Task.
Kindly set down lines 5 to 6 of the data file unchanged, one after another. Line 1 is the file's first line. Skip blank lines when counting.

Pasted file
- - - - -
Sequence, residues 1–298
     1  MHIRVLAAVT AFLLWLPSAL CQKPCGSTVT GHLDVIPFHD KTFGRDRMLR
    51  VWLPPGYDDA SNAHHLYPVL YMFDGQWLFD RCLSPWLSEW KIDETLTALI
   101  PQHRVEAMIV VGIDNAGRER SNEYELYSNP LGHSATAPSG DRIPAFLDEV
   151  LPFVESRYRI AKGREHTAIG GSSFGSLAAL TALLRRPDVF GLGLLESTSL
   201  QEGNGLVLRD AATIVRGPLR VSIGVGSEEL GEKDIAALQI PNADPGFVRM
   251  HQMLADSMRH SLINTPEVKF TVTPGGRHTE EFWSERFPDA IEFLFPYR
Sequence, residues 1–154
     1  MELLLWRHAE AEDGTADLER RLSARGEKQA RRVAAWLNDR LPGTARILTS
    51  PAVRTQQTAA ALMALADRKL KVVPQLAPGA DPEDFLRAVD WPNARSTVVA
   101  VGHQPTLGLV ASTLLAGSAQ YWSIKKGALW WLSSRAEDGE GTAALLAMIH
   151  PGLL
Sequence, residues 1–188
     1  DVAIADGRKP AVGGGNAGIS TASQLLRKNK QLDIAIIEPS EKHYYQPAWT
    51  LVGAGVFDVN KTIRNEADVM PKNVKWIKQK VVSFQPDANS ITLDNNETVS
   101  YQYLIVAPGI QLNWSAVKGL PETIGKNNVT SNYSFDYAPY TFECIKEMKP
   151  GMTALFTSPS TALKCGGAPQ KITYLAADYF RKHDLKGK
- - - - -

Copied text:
   151  LPFVESRYRI AKGREHTAIG GSSFGSLAAL TALLRRPDVF GLGLLESTSL
   201  QEGNGLVLRD AATIVRGPLR VSIGVGSEEL GEKDIAALQI PNADPGFVRM